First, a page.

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What Ever Happened To Cheap Local Television?: A Philadelphia Story - Monkey See Blog : NPR

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Evelyn McCorristin Peters: What Ever Happened To Cheap Local Television?: A Philadelphia Story - Monkey See Blog : NPR

Evelyn McCorristin Peters

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12.01.2009

What Ever Happened To Cheap Local Television?: A Philadelphia Story - Monkey See Blog : NPR

Just a little touch of nostalgia...really only for those of us who grew up in the Philadelphia area.
What Ever Happened To Cheap Local Television?: A Philadelphia Story - Monkey See Blog : NPR
by Linda Holmes
News broke this weekend of the death of Al Alberts -- a development that probably means absolutely nothing to you unless you were a child within the Philadelphia viewing area between about the mid-70s and the early '90s, in which case you know that Al Alberts was the host of the long-running (like, really long-running) Al Alberts Showcase....
As you will see in the above clip, The Al Alberts Showcase involved small children who were surprisingly unpolished (not pageant kids, so much, just overprepared in an entirely different way) wearing ridiculous costumes and belting. Question: What's more painful than an adult singing "I'm Henry The Eighth I Am"? The same song from a small child. [Shudder.]
This was part of an entire array of local programming on the Philadelphia ABC affiliate that I'm not sure exists anymore to nearly the same degree. In addition to Al Alberts, there was also Captain Noah And His Magical Ark, notable for its theme song (which I just discovered is safely stored in my brain, probably thirty years after the last time I watched it). (It goes, "Red and yellow and pink and green, purple and orange and blue; I can sing a rainbow, sing a rainbow, sing a rainbow too." You're welcome, Philadelphians and former Philadelphians, for the earworm.)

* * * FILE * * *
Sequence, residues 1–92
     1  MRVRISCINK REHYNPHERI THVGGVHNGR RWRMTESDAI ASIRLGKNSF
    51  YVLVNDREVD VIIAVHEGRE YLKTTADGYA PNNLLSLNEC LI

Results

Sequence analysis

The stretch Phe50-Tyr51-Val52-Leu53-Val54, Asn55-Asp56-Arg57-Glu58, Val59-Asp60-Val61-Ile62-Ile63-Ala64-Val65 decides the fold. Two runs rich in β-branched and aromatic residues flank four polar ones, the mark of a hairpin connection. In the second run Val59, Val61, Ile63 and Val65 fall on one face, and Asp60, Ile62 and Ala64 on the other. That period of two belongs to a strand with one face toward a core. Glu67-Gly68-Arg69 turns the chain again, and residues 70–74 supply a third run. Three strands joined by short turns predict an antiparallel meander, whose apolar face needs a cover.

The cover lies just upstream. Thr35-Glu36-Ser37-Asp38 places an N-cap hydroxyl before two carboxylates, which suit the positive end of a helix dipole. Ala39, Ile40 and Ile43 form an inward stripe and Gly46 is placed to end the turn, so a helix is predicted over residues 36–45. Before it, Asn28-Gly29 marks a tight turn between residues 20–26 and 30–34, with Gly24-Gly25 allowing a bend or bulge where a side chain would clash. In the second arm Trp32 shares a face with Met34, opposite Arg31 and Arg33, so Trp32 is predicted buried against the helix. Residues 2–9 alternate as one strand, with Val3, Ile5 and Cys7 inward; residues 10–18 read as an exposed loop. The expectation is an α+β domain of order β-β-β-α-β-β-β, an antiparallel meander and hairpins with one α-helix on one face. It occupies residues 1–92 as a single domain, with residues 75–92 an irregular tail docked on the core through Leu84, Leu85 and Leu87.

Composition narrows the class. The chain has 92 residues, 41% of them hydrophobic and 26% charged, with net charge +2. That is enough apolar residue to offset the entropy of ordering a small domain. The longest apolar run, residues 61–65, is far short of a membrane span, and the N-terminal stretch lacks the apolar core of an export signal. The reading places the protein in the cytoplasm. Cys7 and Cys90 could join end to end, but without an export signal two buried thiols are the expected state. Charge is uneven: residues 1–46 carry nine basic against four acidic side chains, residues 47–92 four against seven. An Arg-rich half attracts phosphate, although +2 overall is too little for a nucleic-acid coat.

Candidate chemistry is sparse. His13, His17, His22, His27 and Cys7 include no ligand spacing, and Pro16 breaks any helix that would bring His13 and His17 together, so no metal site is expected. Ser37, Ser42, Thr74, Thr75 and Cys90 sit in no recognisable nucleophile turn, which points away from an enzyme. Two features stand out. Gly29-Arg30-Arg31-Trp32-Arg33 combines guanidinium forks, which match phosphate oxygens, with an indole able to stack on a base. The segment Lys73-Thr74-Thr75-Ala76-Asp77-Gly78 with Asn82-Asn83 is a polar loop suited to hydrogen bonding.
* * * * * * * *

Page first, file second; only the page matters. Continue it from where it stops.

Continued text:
The one I had completely forgotten until I started digging around was Chief Halftown, a kids' talent show hosted by ... well, Chief Halftown, an actual full-blooded member of the Seneca tribe (which is far less upsetting than I half-expected when I went to explore the story of a show from my youth called Chief Halftown).
The Chief also got his music, I should mention, from Larry Ferrari, an entirely separate Philadelphia icon who had a show for many, many, many years in which he played the organ. Yes, that was pretty much the whole thing. "Sunday morning, watch this guy play the organ." And, I should point out, people did.
I can't claim to specifically miss The Al Alberts Showcase, but it seems a little sad that cheap local kids' shows (and organ-playing shows) don't flourish the way they used to. I mean, Captain Noah was just a guy -- a guy whose very intense Philadelphia accent had totally slipped from my memory until I heard it again. But he is something of a secret handshake among Philadelphia kids of the era, I find. I'm a little regretful that corny local variety shows no longer flourish. Kids today! Now they just have to hum "I'm Henry The 8th, I Am" to themselves.

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